MARTIN: And, Coaston says, the medium can also reinforce all the old stereotypes.

COASTON: It's complicated because I think that I am always thinking about, like, what are the stories that we aren't getting told? True crime often wants to illustrate the most insane and shocking stories, when so often crime, particularly crime that impacts minorities or the people who are most impacted by a crime, isn't shocking. It's an abusive husband. It is someone who has accelerated their crimes and not been pursued because police were disinterested, in that old mix of overpolicing and underpolicing. You know, it's not sexy or interesting. It's just depressing and sad. I've seen some changes - for instance, the work that has been done in the true crime space to focus on Indigenous victims of murder like the Highway of Tears in Canada. I think that that's been worthwhile, but it's also kind of remarkable that you can have 18 different pieces of content about the Black Dahlia murder, and a lot of people have no idea that dozens of Indigenous women have been murdered in the Vancouver Highway of Tears area over the last 30 years. There is an idea that there are people crimes should happen to and people crime should not happen to. Crimes should not happen to young white women. Crime should happen to young Black women or young Black people. But I think that the genre is changing and reflecting both the injustices of the criminal justice system, but also the victims who aren't often heard.

MARTIN: Coaston says a good true crime podcast has a responsibility to survivors and victims. It doesn't sensationalize the crime or the criminal.

COASTON: And I think that the ways in which we can stand up to evil is to stand alongside its victims and not just stare at the people who commit evil.

MARTIN: When we come back...

ASHLEY FLOWERS: I've always said that the true crime community is like any other relationship. I can't just take and take these stories and not give back.


FLOWERS: I started all of this in my spare room - just me in my living room trying to make a dream come true.

MARTIN: Ashley Flowers is the host of the podcast "Crime Junkie." This year, "Crime Junkie" was named the most popular podcast on Apple Podcasts. It's had 500 million downloads since its debut in 2017. Flowers says her interest in crime started early.

FLOWERS: Well, I fell in love with it or got interested in it because I always say my mom and her mother before her - they were my O.G. crime junkies. And I grew up reading mystery novels - Nancy Drew, Agatha Christie. And at some point in my life, I realized that these mysteries weren't all fiction and that these things were really happening. And there was just something in me that was drawn to the unsolved cases specifically, something about a puzzle that needed to be solved and not having resolution.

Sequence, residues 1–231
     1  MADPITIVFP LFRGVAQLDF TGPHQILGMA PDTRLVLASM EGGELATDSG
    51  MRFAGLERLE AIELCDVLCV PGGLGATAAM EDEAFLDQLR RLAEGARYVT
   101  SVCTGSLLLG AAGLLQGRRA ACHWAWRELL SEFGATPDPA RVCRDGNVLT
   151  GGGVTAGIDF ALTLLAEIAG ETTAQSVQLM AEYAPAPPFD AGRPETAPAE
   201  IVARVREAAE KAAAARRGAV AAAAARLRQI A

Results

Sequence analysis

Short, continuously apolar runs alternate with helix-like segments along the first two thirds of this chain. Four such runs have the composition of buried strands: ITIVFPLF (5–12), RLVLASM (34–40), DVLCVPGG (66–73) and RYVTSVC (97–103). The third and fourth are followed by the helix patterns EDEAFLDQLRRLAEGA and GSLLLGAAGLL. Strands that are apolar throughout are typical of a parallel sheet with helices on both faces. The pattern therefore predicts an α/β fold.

MARTIN: But Flowers' newest venture into crime is actually a novel, "All Good People Here," which is out now. The plot follows a journalist returning to her Indiana hometown, where she encounters a mystery that's, well, straight out of a "Crime Junkie" episode.

FLOWERS: While she is in town, a young girl goes missing. And it's kind of reminiscent of an unsolved case from back when she was young, when her neighbor was abducted and eventually murdered.

MARTIN: So I asked her about making the move from talking about true crime to writing crime fiction. And although it might seem obvious, why a novel about crime?

FLOWERS: I didn't really want to write a fictional podcast about a crime because I didn't want to take away from the real crimes I was talking about. So as I just tried to figure out what this was or how I could bring this to life, it kind of naturally became a book. Again, when I started my journey into being a crime junkie, it started with fiction. And so while it's a departure or feels like a departure for people from what they know me for, I feel like it's me going back to kind of where it all started.

MARTIN: You know, I was thinking about how to describe it, and I want to say that the plot is insane, but it's not because part of the appeal of it is that it's logical, right? Once you get into the logic of the story, it is - these are things that you could envision happening.

FLOWERS: Absolutely. And I think when I went into writing it, I knew that what my listeners were going to expect from me, if they were going to read a book, is that it needed to feel like it could be real. It had to be grounded in reality. And I mean, the truth is, truth is more wild than fiction. And the cases that I have come across, I think, sometimes would put my book to shame when you talk about twists and turns. And so even when it feels fantastical, it is grounded in reality.

MARTIN: The other thing about the book that struck me is, you know, the whole nothing is as it seems is a classic kind of trope. But just looping back to the title, "All Good People Here," like, what - I feel like you were trying to say something about it. And tell me a little bit more about the title and what it meant to you. I can tell you what I thought it meant.